Never Have I Ever | Minerva Theatre, Chichester | Review

Never Have I Ever

Minerva Theatre, Chichester

Friday 1st – Saturday 30th September 2023

A world premiere currently playing at the intimate Minerva Theatre Chichester is Never Have I Ever.  A first play, written in a matter of days, by Deborah Frances-White, comedian, writer and host of The Guilty Feminist podcast.  Initially she was approached by Emma Butler (Director) and a regular listener of the podcast, to develop a script as part of a workshop programme at the Almeida Theatre.  Deborah did not hesitate to take up this opportunity and before long the play was born.  Unfortunately, as happened with so much, the inevitable delay caused by the pandemic pushed this spirited production back to 2023.

With a loan from their longstanding wealthy friend Tobin, Jacq and Kas have been running a small boutique restaurant for the past two years.  However, the investment has failed and they have therefore nervously invited Tobin and his wife Adaego round for a meal to own up to the financial failure.  Nothing seems off the menu and as an abundance of vintage wine flows, that starts a dangerous drinking game. insults and shocking revelations are hurled between the four university friends, culminating in an unspeakable dare…..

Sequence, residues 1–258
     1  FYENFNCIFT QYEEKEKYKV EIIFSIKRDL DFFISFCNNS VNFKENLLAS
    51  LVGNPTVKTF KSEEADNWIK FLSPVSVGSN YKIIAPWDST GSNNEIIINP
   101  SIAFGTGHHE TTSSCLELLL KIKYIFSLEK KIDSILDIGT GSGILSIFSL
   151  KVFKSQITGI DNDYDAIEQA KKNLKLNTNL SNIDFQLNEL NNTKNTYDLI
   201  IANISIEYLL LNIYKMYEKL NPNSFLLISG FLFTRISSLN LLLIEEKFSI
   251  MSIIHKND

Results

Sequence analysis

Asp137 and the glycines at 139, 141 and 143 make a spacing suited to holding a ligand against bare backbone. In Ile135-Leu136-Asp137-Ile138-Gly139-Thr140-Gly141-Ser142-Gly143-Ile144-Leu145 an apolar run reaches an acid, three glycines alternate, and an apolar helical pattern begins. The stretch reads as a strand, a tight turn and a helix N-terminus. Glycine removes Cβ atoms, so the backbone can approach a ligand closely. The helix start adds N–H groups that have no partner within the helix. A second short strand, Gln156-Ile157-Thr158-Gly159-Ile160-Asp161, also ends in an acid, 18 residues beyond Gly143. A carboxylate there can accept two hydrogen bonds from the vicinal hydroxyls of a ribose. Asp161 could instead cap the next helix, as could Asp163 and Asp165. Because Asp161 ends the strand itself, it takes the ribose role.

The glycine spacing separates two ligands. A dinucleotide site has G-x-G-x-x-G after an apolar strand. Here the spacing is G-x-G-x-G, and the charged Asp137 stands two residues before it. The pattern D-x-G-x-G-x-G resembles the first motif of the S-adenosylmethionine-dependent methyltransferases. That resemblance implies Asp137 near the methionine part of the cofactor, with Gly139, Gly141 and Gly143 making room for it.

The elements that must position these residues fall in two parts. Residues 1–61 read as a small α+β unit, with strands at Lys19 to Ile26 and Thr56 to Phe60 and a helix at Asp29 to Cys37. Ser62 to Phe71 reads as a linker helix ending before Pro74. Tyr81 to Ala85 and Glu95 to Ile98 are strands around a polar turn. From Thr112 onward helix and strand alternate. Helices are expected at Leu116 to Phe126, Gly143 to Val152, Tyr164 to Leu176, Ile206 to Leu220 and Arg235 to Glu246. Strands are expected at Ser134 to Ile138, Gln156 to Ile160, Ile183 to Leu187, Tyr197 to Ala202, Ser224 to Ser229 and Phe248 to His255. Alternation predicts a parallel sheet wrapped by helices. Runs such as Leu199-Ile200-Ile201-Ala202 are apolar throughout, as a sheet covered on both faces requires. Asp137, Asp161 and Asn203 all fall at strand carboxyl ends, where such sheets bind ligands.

Designer Frankie Bradshaw has excelled with her superbly designed restaurant set, and inspired effects that punctuate the scene changes, which is bordered on three sides by floor level wine racks and chef stations at every table.

An established cast made-up of Alex Roach (Jacq) Amit Shah (Kas) Greg Wise (Tobin) and Susan Wokoma (Adaego) take their characters on a journey through a savage barrage of accusations touching on feminism, sexual politics, infidelity, inequality and ultimately betrayal.

This very modern play about contemporary society is larded with extremely colourful language throughout, is visually stunning and extremely well performed by the energetic and talented ensemble.  None of the characters are particularly endearing but somehow ones empathy shifts from one to another as the storyline unfolds, posing the question – what would you do…..?


Reviewer: Jill Lawrie

Photo: Helen Murray